“There is no such thing as impossible… It’s just a matter of figuring out how.”
The words are from Haruhiko Tanahashi, Lexus Chief Engineer. And they flash across the screen as we watch two anonymous feet ditch a skateboard for – well, it looks like a hoverboard.
Yep. This is the teaser ad for luxury car manufacturer Lexus’ latest creation: the SLIDE. It’s a rideable hoverboard. The first real rideable hoverboard in the world. The sad news is, it’s not for sale. But I’m not too certain we’d want one just yet anyway. Because everything’s still a bit… well, up in the air.
See, the more observant viewer will notice that in the ad, we don’t see the hoverboard in use. And that’s because it’s not actually fully usable… yet. At the moment, the SLIDE only works on certain (extremely specific) surfaces. And here’s the science behind why:
The SLIDE uses a clever pairing of superconductors and magnets to get itself off the ground. These
superconductors are extremely good at (you guessed it) conducting electricity. However, to do this, they need to be cooled down to absolutely freezing temperatures.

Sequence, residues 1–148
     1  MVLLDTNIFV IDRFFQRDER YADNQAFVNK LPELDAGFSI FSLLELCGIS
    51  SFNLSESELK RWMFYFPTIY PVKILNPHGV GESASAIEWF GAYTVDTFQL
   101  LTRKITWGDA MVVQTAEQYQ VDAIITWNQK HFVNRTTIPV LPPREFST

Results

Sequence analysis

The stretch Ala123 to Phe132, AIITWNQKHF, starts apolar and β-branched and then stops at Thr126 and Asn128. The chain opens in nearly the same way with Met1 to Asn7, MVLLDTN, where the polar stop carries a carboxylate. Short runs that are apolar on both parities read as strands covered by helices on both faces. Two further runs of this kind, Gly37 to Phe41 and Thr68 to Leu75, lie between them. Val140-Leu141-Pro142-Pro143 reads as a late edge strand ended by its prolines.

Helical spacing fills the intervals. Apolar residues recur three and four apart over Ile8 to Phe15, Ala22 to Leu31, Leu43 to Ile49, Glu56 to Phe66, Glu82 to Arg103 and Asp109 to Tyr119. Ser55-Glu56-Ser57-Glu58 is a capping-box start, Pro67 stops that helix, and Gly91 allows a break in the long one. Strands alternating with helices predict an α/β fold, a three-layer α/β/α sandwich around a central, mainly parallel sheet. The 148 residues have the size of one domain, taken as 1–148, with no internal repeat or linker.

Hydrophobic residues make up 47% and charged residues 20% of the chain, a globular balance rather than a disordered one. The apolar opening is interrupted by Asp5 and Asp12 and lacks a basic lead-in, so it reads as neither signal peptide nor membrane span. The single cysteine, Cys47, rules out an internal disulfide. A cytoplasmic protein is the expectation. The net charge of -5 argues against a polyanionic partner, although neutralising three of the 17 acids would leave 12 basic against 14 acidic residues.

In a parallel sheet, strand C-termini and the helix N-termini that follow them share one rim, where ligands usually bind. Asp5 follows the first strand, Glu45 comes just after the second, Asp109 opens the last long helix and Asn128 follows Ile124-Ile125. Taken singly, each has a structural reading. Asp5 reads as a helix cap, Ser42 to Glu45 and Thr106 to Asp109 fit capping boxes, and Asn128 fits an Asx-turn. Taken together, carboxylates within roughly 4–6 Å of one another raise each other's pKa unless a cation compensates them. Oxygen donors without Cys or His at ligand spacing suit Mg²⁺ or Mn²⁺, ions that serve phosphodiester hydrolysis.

In the case of the SLIDE, liquid nitrogen does the job – getting the SLIDE’s superconductor to probably somewhere around the -292 degrees
Fahrenheit mark. At this temperature, electrons in the superconductor can move through it with next to no resistance.
And it’s when things get down to these ridiculous lows that the SLIDE’s magnetic trick gets to work. At warmer temperatures, magnetic fields can pass through the superconductor without a problem – but cool it down enough, and the magnetic field lines actually get trapped.
So you’ve now got a superconductor “stuck” in the magnetic field, at a certain point. And because there’s practically no electrical resistance in the superconductor, as long as things stay cold it’ll stay attached, floating – or hovering – above the magnet.
Diagram: A superconductor (blue) “embedded” in a magnetic field (black).
The magnetic channels are known as “quantum vortices.”
Of course, this means that if you want to go anywhere on the SLIDE, you’ll have to get someone to run ahead and install a load of extremely strong magnets along your route. So Lexus’ ad showing the SLIDE hovering above the pavement isn’t entirely the full story.
They’ve made a working prototype though, according to BBC reports. And while Lexus may be keeping us guessing as to when the SLIDE will be hitting the streets (or hovering above them), the news has already sparked
excitement – along with a healthy amount of scepticism.
So yes, it might seem as if our Back to the Future II dreams are finally coming true – but for now, we should probably keep our feet firmly on the ground.